An interesting Thesis on the Cape Bedford Mission:
Close, K. L. (2009). Invisible labourers: Cape Bedford (Hopevale) Mission and the 'paradox' of Aboriginal labour in the Second World War. Masters Coursework thesis, Arts - School of Historical Studies, The University of Melbourne. Available here.
The first paragraph of the Abstract states
"This thesis examines the role of labour in the history of the Cape Bedford Aboriginal
community, from its establishment in 1886 to 1950. It focuses on period around the
Second World War when the community was evacuated south to the government reserve
at Woorabinda. This community’s history offers a lens through which to view the
application of Queensland’s protectionist and wartime legislations. The Cape Bedford
community’s absorption into the Manpower Directorate during the Second World War,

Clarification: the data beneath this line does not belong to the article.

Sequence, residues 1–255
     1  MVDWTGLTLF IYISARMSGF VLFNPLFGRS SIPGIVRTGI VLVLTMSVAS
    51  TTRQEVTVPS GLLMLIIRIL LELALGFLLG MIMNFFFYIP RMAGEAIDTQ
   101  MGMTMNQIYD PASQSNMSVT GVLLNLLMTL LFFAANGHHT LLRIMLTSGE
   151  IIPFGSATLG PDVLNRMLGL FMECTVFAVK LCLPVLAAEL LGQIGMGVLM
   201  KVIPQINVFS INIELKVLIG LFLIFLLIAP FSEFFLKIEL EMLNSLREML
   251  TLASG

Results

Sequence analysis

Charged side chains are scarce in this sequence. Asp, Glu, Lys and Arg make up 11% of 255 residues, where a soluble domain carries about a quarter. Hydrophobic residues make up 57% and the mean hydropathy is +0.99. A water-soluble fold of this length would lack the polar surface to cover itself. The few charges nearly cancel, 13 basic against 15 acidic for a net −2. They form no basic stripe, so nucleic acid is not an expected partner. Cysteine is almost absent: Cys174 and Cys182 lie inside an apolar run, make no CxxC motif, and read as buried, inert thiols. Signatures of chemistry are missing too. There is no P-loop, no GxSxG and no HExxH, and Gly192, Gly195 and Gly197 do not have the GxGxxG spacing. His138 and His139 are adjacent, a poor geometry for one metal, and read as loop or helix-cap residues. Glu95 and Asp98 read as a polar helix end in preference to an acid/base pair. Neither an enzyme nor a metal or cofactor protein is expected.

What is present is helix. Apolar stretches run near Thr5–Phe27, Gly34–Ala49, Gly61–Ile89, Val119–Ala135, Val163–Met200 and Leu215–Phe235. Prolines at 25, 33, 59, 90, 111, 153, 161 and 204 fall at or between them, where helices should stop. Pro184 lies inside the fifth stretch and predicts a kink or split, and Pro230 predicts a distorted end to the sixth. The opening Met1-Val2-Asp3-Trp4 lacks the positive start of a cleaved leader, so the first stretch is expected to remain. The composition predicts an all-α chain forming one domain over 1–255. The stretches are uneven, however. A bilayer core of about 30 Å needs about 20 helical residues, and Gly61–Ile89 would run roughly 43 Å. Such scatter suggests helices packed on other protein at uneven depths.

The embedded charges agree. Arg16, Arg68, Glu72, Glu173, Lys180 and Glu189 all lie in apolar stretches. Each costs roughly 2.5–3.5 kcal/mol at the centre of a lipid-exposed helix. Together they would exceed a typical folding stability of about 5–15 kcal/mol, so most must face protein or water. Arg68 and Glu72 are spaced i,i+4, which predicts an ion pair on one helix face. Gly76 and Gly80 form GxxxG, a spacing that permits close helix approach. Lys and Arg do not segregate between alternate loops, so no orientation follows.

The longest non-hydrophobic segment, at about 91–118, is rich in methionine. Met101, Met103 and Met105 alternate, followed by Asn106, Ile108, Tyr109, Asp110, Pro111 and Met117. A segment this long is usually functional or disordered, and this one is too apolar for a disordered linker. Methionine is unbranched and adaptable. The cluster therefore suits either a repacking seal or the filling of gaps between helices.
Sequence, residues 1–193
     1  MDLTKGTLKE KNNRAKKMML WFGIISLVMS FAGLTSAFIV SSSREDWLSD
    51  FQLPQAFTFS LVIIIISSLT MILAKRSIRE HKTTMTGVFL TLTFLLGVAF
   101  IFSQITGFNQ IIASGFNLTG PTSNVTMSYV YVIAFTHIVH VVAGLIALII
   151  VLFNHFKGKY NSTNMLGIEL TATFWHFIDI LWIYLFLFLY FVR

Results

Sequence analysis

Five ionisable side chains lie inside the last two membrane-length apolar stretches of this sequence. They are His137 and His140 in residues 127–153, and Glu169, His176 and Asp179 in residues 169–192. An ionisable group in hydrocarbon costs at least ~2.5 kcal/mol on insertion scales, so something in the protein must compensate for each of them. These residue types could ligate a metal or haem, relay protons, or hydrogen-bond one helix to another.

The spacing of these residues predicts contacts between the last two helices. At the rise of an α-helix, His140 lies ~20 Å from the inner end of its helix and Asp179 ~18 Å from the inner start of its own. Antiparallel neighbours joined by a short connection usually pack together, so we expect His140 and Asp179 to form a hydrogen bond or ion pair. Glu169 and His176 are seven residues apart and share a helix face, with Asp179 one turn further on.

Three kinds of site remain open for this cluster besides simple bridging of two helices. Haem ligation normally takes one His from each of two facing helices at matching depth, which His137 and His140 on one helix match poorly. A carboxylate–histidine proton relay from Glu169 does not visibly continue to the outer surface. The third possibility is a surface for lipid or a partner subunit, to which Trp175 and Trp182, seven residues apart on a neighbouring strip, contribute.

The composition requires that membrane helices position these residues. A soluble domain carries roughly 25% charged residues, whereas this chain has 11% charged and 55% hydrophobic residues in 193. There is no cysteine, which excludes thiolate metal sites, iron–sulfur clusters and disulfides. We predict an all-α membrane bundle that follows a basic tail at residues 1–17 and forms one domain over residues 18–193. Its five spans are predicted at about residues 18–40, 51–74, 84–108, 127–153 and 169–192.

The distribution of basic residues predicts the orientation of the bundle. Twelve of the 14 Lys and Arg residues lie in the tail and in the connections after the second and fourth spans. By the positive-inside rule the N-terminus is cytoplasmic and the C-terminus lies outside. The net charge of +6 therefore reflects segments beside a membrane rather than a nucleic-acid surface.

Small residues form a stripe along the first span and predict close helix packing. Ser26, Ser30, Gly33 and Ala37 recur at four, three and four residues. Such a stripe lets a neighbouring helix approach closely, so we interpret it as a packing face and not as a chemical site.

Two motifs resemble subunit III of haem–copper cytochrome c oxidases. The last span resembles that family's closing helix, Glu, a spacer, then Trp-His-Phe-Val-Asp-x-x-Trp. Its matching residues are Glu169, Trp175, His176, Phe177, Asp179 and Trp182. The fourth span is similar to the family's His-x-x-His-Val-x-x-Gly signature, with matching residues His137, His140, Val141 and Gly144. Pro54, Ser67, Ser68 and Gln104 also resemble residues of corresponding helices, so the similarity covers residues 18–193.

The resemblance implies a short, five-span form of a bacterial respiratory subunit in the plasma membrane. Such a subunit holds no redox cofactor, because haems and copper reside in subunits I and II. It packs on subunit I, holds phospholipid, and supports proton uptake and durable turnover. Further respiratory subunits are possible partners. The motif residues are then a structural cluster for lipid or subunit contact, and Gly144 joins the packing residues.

after they were removed to Woorabinda, was among the most extreme examples of
government control over Indigenous labour. This study is the first work to clearly outline
the extent of collaboration between the Queensland state government and Aboriginal
settlements with the Manpower Directorate."
The Table of Contents follows
Chapter One: Land and Labour at Cape Bedford Mission: 1886 until the Second World War 24-45.
Chapter Two: The Mission’s Evacuation to Woorabinda 46-63.
Chapter Three: From War’s End until the Return to Cape Bedford in 1950 64-78.
See here under Queensland / Settlements and Missions for names of people and involved and some further details.